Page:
Former Minister for European Affairs of Portugal. Author.
I think there have been some baby steps. Contrary to what you sometimes hear, the focus is not on security but on geoeconomics and in this area the EU has continued to develop tools that allow it to approach markets and trade more strategically than before. The bloc should be able to reciprocate when its interests are affected. This applies to tariffs, public procurement, and control over supply chains. We saw how Trump was unusually cautious when considering whether to move against EU interests, or how China is now starting to take the EU more seriously. The recovery plan is also good news because it creates a new asset class and will no doubt help expand the international role of the euro. In the security area, the balance is less positive. I think less about the Eastern Mediterranean – where the EU continues to have leverage – than Belarus. It was disappointing to confirm that the EU continues to have difficulty using its influence in the immediate neighbourhood. Karabakh was another example. I am less pessimistic than others because I continue to think that the main arena where the EU can play a superpower role is geoeconomics. Most of the problems we face could be addressed if the EU’s economic clout would be better used to pursue strategic aims. If we need institutional changes those would also be in this area. 2021 will be a pivotal year. Eyes are on the EU-China investment treaty and on the geopolitics of technology.
Defense columnist l’Opinion
It is too early to know whether 2020 will have seen any progress in Europe’s strategic autonomy, as professed by the sycophants of powers holders, whether in Paris or Brussels. The year that is drawing to a close has indeed seen some extremely important developments, which could bring about a paradigm shift. The months and years ahead will tell us if this is the case.
The pandemic. Two major accomplishments: the decision of member states to take on joint debt and the massive common purchase of vaccines by the European Commission. We do not know whether the European Recovery Plan is a first step towards the establishment of a sustainable borrowing mechanism. If it is, it will be a qualitative leap forward. The distribution of vaccines is equally important. By pooling the purchase at EU level, the Union is acting on the right scale on a subject that concerns each individual. If the vaccination campaign is successful, this decision will be a milestone.
Digital policy. The adoption of the Digital Services Act (DSA) and the Digital Market Act (DMA) is an important moment for Europe, but it is still impossible to assess the real effects of such measures on the digital giants. One basic fact remains: Europe does not have digital champions …
Brexit. Although the 27 remained undivided and the UK withdrawal is made within the framework of an agreement, the departure of a Member State cannot be considered as good news for the EU, whose principle is to bring all Europeans together. Except, like some Frenchmen do, ones adheres to the Stalinist maxim: a party becomes stronger by purging itself?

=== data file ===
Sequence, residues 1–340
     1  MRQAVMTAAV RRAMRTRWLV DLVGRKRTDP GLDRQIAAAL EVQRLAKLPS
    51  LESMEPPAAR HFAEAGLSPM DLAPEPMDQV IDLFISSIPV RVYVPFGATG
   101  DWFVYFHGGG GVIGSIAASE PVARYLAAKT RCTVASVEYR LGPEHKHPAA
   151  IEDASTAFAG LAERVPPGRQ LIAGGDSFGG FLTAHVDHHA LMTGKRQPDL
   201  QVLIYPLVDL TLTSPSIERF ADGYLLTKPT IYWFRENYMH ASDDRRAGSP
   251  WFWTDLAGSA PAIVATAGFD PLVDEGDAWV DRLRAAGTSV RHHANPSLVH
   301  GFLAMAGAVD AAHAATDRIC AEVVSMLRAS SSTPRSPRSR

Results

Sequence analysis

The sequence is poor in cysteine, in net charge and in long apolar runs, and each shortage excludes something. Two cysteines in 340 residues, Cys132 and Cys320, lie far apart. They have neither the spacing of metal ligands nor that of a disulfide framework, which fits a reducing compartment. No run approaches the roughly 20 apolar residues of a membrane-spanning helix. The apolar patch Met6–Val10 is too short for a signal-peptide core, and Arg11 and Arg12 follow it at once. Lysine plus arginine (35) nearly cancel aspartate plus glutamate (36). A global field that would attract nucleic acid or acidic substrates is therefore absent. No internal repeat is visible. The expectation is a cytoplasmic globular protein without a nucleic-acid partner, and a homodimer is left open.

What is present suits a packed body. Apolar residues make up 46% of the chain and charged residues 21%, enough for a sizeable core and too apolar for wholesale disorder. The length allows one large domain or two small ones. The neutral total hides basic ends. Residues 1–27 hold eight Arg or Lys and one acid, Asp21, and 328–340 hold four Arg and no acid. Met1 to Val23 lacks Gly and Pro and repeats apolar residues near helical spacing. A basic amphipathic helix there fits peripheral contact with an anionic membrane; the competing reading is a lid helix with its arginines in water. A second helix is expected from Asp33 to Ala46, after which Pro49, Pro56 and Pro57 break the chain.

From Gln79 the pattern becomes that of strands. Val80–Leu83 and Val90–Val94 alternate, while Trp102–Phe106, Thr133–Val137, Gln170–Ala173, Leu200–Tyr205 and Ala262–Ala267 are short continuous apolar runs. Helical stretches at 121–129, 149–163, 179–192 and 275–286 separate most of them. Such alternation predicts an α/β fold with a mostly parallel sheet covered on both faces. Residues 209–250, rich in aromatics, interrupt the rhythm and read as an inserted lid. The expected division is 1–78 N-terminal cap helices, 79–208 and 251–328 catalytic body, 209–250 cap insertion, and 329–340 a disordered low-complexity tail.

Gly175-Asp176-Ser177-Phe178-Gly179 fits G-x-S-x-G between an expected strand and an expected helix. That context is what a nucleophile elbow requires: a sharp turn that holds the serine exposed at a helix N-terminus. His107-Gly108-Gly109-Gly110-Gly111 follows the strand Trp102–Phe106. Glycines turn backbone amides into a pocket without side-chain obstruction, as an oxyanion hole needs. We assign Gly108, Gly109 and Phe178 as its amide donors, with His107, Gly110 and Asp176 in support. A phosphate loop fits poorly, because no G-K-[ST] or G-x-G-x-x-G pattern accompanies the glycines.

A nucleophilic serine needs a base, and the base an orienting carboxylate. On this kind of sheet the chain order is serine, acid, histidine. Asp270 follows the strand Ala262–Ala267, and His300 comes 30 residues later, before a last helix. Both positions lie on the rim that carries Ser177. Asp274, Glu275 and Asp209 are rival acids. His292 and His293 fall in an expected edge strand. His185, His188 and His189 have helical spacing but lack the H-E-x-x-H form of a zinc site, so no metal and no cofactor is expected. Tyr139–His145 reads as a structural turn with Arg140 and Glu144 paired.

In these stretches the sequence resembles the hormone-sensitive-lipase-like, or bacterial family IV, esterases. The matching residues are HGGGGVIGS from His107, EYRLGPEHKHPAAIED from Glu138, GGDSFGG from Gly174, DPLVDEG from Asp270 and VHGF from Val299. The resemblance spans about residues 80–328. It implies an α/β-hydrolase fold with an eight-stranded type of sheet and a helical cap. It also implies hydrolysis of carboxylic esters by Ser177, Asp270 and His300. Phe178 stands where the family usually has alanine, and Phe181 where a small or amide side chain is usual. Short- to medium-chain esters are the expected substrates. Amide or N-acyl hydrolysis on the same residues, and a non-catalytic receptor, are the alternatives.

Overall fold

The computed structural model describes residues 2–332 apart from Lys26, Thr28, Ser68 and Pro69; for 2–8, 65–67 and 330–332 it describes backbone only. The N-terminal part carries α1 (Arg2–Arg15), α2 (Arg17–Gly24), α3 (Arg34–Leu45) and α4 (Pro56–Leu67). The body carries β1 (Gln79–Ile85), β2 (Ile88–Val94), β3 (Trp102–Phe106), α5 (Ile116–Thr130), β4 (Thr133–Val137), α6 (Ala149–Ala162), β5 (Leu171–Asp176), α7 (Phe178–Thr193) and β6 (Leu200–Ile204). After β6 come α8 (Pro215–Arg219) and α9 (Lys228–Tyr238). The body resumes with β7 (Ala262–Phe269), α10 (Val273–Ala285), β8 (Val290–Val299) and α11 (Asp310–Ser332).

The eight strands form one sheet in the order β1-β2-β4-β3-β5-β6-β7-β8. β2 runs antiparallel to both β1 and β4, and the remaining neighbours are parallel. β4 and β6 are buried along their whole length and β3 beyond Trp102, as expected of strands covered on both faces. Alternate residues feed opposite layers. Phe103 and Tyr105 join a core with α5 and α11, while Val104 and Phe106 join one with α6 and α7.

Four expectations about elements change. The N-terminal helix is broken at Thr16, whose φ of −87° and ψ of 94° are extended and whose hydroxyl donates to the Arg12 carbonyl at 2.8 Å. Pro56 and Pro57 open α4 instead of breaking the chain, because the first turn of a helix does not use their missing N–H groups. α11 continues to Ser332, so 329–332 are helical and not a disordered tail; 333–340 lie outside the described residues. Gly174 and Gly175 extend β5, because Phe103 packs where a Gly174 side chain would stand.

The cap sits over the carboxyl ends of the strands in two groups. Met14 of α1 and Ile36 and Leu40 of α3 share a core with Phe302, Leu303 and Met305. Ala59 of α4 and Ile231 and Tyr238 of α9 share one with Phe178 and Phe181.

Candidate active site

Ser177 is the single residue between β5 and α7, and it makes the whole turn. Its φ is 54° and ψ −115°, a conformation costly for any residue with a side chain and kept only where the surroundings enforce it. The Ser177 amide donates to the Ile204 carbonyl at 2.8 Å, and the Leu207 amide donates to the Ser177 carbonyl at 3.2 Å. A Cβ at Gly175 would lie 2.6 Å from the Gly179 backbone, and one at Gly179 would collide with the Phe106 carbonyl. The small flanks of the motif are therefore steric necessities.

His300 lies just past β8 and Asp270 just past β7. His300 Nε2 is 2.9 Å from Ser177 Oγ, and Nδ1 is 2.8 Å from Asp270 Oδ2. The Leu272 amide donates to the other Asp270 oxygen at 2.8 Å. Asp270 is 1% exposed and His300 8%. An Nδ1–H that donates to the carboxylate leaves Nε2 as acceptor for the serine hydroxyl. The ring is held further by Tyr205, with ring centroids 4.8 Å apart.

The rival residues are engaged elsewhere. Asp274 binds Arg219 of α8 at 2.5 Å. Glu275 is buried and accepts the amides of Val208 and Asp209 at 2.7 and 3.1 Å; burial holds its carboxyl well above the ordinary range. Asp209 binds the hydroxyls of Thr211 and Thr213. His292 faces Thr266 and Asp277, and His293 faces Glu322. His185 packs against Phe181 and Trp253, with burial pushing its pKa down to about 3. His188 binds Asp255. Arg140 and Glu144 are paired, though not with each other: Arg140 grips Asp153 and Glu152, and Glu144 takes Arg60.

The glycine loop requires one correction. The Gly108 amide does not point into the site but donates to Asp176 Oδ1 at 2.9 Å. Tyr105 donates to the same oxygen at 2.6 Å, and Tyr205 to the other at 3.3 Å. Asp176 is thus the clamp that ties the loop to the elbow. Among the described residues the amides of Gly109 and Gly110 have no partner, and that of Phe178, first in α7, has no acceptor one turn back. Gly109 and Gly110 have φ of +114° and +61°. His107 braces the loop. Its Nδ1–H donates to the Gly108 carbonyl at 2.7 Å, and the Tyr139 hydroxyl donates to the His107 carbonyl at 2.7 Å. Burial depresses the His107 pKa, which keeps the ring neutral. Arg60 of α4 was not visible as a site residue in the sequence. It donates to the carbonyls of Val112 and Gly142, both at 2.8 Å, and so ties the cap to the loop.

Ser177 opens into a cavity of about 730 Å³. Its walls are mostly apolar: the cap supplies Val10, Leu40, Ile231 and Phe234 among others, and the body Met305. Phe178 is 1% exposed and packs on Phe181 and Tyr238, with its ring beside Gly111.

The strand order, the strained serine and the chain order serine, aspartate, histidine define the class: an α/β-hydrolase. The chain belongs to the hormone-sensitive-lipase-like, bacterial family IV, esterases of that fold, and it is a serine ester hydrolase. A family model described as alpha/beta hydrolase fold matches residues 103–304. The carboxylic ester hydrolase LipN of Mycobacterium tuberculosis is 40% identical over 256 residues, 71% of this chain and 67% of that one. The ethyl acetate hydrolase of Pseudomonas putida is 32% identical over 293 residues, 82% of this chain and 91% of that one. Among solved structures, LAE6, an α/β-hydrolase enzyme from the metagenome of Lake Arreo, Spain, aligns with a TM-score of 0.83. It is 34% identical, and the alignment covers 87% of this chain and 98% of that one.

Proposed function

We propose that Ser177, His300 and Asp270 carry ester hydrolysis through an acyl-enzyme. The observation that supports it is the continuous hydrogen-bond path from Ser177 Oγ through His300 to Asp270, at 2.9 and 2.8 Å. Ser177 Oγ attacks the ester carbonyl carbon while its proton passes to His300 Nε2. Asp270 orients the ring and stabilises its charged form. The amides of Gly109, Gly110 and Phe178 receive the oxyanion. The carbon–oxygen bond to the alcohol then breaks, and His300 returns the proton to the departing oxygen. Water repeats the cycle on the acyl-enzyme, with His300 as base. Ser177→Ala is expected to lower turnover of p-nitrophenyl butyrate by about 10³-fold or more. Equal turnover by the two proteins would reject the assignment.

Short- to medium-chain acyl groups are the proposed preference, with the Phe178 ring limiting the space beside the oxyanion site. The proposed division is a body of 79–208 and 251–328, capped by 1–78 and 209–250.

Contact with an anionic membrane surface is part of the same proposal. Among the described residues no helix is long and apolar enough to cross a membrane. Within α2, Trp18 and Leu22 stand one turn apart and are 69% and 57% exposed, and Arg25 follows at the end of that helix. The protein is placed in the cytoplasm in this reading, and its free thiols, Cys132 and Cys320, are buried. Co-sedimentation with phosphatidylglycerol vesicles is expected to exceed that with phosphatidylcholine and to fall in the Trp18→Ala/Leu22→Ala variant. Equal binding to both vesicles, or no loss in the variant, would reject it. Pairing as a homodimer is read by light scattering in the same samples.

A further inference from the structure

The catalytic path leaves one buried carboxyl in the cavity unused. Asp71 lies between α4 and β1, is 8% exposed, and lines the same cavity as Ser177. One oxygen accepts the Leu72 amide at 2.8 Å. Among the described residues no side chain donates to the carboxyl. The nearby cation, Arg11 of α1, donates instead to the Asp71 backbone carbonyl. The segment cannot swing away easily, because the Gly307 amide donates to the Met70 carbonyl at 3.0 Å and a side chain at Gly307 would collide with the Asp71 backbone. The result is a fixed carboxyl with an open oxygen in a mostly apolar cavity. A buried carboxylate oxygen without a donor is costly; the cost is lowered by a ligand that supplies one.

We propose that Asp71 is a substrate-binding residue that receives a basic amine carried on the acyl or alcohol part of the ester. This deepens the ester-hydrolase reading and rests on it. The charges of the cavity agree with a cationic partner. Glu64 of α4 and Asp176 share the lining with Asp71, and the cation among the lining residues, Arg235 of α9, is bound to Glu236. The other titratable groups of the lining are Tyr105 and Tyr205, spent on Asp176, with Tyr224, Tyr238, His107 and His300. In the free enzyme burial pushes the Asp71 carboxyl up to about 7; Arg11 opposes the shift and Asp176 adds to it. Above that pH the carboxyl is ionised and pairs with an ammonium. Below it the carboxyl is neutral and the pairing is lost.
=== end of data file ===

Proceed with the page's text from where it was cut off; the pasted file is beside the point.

Biden. For many Europeans, the election of a courteous Atlanticist in the White House recreates a comfortable ecosystem that is not very favorable to European strategic autonomy. Trump’s re-election would have, on the contrary, undoubtedly strengthened such ambitions.
University Distinguished Service Professor, Emeritus and former Dean of the Harvard’s Kennedy School of Government
The Trump years increased distrust and unpredictability in transatlantic relations, and this increased Europe’s attention to strategic autonomy. But the underlying structural situation did not change. Europe still shares a border with a large amoral Russia which it cannot deter alone without an American alliance. Within that structural reality, greater European defense spending and coordination is good. It is not a threat to NATO, but should be welcomed when coordinated. Europe’s efforts in the Sahel and Eastern Mediterranean are important and should increase. And Europe has begun to discover that Asia is about geopolitics and not just a matter of export markets. The Biden Administration should welcome these steps.
Research fellow at Bruegel, Brussels
In 2020, ‘strategic autonomy’ has become one of the most utilised catchphrases in Brussels policy circles. EU officials have increasingly stressed the need of introducing strategies and measures to boost the EU’s ‘strategic autonomy’ or ‘strategic sovereignty’ in a number of areas, spanning from defense to digital, from pharmaceutical to green. However, policy vision has yet to turn into sensible policy action. Take the crucial issue of industrial policy. In March 2020, the European Commission published a plan for a ‘New industrial strategy for Europe’, a strategy primarily aimed at ‘managing the green and digital transitions and avoiding external dependencies in a new geopolitical context’, to use the words of EU Internal Market Commissioner Thierry Breton. The main underpinnings of the strategy were the need to face emerging global competitors and promote Europe’s ‘strategic autonomy’, and the necessity to face the twin ecological and digital transitions. The strategy encompassed a number of areas, from intellectual property to public procurement, and had a strong focus on competition policy – in line with the 2019 Franco-German manifesto for a European industrial policy. Covid and its massive economic implications rapidly made clear that the strategy failed to provide the strong EU industrial policy framework that is required to turn ‘strategic autonomy’ ambitions into reality. That’s the reason why, in her September 2020 State of the Union speech, President von der Leyen herself pledged to revise the industrial strategy in 2021. The economic disruption caused by Covid has forced the EU to rethink itself in a pragmatic manner, also with regard to ‘strategic autonomy’. The European Recovery Plan is just the most evident sign of this. After the year of disruption and rethinking, 2021 must be the year of action.